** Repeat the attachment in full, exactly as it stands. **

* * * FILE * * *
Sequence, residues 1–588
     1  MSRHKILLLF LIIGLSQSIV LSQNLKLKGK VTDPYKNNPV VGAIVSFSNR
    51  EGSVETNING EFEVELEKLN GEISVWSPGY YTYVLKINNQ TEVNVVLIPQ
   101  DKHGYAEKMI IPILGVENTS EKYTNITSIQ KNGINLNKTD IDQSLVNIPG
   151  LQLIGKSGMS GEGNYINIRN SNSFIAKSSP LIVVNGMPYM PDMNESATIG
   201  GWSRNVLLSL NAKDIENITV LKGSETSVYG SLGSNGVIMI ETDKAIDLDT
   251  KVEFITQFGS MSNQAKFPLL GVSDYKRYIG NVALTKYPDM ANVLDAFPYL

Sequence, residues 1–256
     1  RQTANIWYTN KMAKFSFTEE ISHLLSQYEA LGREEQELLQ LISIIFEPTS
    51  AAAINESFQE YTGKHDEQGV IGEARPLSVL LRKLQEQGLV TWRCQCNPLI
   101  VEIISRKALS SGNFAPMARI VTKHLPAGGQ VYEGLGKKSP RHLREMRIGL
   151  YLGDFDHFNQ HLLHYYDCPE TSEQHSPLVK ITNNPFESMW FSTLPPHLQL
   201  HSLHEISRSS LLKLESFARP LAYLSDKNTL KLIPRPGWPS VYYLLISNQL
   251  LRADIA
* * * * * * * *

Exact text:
Sequence, residues 1–588
     1  MSRHKILLLF LIIGLSQSIV LSQNLKLKGK VTDPYKNNPV VGAIVSFSNR
    51  EGSVETNING EFEVELEKLN GEISVWSPGY YTYVLKINNQ TEVNVVLIPQ
   101  DKHGYAEKMI IPILGVENTS EKYTNITSIQ KNGINLNKTD IDQSLVNIPG
   151  LQLIGKSGMS GEGNYINIRN SNSFIAKSSP LIVVNGMPYM PDMNESATIG
   201  GWSRNVLLSL NAKDIENITV LKGSETSVYG SLGSNGVIMI ETDKAIDLDT
   251  KVEFITQFGS MSNQAKFPLL GVSDYKRYIG NVALTKYPDM ANVLDAFPYL

Sequence, residues 1–256
     1  RQTANIWYTN KMAKFSFTEE ISHLLSQYEA LGREEQELLQ LISIIFEPTS
    51  AAAINESFQE YTGKHDEQGV IGEARPLSVL LRKLQEQGLV TWRCQCNPLI
   101  VEIISRKALS SGNFAPMARI VTKHLPAGGQ VYEGLGKKSP RHLREMRIGL
   151  YLGDFDHFNQ HLLHYYDCPE TSEQHSPLVK ITNNPFESMW FSTLPPHLQL
   201  HSLHEISRSS LLKLESFARP LAYLSDKNTL KLIPRPGWPS VYYLLISNQL
   251  LRADIA